Vizcaino to visit Dr. Andrews for elbow
No. 2 Braves prospect hopes to avoid Tommy John surgery
CLEARWATER, Fla. -- Braves reliever Arodys Vizcaino avoided Tommy John reconstructive elbow surgery when he seemed destined for it two summers ago. The right-hander can only hope to achieve the same fate after he visits with Dr. James Andrews on Monday.
Vizcaino has been sidelined since feeling right elbow discomfort while pitching in the March 3 Grapefruit League opener. An MRI exam performed last week showed inflammation. The Braves are describing his ailment as ulnar neuritis.
After being diagnosed with a partially torn ulnar collateral ligament in his right elbow during the 2010 season, Vizcaino rested for a few months and was throwing 95-mph fastballs again in September in instructional league.
Andrews will likely evaluate whether Vizcaino could once again avoid Tommy John surgery with rest. If the 21-year-old reliever undergoes the operation, he will miss the upcoming season.
Vizcaino -- rated by MLB.com as the Braves' second-best prospect and 36th in the entire Minor Leagues -- entered Spring Training with a chance to begin the season in Atlanta's bullpen. The Braves converted him to a relief role at the Double-A level in July and promoted him to the Majors one month later. He proved effective in August before showing signs of fatigue in September.
Results aside, Jurrjens pleased with knee
CLEARWATER, Fla. -- Jair Jurrjens has been encouraged by the fact that his right knee has not been a problem through his first three exhibition starts. At the same time, the Braves right-hander has plenty of reason to be thankful that he has three more starts to iron things out before the start of the regular season.
"I honestly feel really good," Jurrjens said. "I'm just not seeing the results right now. But the main thing is no pain. If I keep getting comfortable and stronger, I'll start seeing the results I want."
Jurrjens allowed four earned runs and nine hits while working four innings during Thursday's 6-4 loss to the Phillies at Bright House Field. While the line might have looked ugly, the 26-year-old pitcher looked much more comfortable than he had during his first two exhibition starts. Seemingly more confident in the stability of his knee, he looked more aggressive with his delivery and his fastball touched 93 mph.
"I felt good," Jurrjens said. "I threw more strikes. I'm happy with my control. I just wish I could get them to hit the balls to the fielders. There was nothing I could do about those cheap hits."
Jurrjens allowed leadoff doubles in each of his final three innings, including the one that Scott Podsednik recorded after Matt Diaz lost the ball in sun during the second inning. Jimmy Rollins' single fell to the ground in shallow left field between Diaz and shortstop Tyler Pastornicky.
"I just want to keep getting comfortable and start trusting myself and my stuff again," Jurrjens said. "I need to throw more strikes and get ahead early in the count. That's my game. I'm still falling behind a little bit."
Jurrjens missed the final two weeks of the 2010 season because of a torn meniscus in his right knee, and then battled right knee discomfort during every start he made after entering the 2011 All-Star break with a National League-best 1.87 ERA.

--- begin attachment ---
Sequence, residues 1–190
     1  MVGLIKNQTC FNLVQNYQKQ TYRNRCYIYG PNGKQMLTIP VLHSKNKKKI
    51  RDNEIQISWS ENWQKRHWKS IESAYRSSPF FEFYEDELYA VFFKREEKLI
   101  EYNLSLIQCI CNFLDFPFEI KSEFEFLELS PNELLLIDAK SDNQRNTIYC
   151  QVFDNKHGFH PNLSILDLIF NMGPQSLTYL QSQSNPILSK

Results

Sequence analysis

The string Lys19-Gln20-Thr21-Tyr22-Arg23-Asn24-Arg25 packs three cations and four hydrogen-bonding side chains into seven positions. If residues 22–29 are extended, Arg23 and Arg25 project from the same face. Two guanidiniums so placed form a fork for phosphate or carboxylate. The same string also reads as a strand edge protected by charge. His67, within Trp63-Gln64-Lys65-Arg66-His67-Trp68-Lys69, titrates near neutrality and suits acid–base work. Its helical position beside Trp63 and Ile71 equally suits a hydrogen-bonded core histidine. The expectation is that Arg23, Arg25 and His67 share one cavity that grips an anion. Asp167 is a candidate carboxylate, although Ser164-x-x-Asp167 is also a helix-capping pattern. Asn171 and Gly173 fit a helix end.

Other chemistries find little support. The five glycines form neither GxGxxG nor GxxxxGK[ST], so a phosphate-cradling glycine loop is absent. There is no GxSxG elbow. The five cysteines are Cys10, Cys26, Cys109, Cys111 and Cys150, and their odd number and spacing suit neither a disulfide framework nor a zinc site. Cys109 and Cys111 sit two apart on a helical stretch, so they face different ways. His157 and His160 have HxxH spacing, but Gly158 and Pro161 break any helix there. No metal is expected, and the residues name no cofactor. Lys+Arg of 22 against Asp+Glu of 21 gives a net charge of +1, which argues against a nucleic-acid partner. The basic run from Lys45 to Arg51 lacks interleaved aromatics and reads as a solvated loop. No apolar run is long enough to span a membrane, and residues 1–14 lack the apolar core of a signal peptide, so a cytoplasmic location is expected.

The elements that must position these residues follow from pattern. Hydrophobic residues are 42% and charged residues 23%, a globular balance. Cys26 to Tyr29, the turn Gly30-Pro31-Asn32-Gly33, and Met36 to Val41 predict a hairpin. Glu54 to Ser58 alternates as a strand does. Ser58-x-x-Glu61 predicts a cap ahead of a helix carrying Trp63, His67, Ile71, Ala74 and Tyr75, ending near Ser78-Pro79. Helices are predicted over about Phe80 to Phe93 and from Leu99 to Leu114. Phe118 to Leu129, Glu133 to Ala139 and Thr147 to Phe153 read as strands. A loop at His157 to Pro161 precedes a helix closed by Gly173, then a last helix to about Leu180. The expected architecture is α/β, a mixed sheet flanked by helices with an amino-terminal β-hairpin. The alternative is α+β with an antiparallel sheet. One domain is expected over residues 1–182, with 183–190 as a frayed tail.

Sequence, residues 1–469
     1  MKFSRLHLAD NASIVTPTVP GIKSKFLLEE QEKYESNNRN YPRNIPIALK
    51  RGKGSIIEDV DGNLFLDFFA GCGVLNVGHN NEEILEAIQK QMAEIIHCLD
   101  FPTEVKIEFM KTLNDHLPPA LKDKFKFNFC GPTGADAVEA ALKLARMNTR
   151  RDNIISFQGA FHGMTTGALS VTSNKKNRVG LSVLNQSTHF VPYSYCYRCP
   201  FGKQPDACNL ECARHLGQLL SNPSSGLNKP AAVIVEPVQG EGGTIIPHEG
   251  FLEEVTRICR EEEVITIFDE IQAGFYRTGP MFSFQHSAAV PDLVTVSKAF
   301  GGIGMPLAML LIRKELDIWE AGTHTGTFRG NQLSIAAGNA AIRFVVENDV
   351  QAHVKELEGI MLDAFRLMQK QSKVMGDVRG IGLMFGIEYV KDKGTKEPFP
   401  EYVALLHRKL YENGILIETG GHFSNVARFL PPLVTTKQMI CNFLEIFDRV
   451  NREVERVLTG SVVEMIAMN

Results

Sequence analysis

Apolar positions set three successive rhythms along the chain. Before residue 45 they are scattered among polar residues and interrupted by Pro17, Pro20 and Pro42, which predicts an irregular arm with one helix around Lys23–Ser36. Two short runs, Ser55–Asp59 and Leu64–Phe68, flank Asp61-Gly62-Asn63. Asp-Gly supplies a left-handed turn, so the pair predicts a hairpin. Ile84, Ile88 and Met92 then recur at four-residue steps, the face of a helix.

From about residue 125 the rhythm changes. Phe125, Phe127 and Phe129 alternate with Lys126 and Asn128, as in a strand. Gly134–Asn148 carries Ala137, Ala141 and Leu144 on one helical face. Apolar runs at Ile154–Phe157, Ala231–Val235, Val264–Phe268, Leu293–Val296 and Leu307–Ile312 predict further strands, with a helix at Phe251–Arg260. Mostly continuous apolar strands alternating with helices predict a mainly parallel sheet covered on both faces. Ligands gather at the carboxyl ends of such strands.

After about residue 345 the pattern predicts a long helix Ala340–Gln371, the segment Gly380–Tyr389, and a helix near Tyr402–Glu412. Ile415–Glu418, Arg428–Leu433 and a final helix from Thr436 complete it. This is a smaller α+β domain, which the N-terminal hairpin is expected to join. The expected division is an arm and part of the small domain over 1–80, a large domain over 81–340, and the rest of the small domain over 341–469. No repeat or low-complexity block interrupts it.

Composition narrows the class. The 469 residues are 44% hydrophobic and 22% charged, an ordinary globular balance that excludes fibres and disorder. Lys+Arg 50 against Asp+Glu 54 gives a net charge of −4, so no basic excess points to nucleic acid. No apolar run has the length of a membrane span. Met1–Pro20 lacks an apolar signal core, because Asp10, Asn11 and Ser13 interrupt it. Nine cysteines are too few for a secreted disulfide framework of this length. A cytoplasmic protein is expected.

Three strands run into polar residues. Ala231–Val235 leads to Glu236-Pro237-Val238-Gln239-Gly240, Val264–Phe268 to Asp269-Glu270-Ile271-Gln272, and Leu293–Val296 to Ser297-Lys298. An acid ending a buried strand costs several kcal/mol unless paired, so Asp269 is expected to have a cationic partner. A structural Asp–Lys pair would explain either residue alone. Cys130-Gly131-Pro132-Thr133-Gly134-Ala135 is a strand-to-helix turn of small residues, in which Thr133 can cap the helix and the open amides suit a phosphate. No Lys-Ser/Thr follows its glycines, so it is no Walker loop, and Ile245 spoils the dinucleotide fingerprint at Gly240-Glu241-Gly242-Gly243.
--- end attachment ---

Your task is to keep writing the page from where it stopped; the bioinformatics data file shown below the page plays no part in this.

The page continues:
"My goal for him during his first four or five starts was to make sure his knee is good," Braves manager Fredi Gonzalez said. "So far, that is what I have seen."
Diaz working on avoiding being 'pull-happy'
CLEARWATER, Fla. -- Matt Diaz experienced a thrill on Thursday when he homered for the first time in a little more than a calendar year. But the Braves outfielder seemed more encouraged about the game-ending lineout he produced while concentrating on ditching the pull-happy tendencies he developed last year.
"Last year, that was one-hopping right to the shortstop," Diaz said.
Diaz spent most of Wednesday focusing on hitting the ball back up the middle or to the opposite field. While combining to hit .263 with no home runs in 251 at-bats with the Pirates and Braves, he had developed a tendency to attempt to pull too many pitches.
The extra time in the cage seemed to benefit Diaz when he kept his hands inside of the baseball and drove Joe Blanton's pitch over the left-center-field wall in the second inning. It stood as one of the few encouraging moments Diaz has produced while hitting .185 (5-for-27) during the first two weeks of the exhibition season.
"It was just an approach issue more than anything," Diaz said. "My swing was off and it wasn't because of my swing. It was more about what I was thinking as I was going to the plate. It got me back focused trying to hit the ball up the middle, where my strength is. I'm going to try to not get pull-happy and stay there the rest of this year."
Diaz's home run was his first since he took Rays left-hander David Price deep during a March 8, 2011 Grapefruit League game.
"It's been about 365 days since I got to circle the bases," Diaz said. "It was in Bradenton off Price. I remember the pitch, it was a 3-1 changeup. It's been a while."
Mark Bowman is a reporter for MLB.com. This story was not subject to the approval of Major League Baseball or its clubs.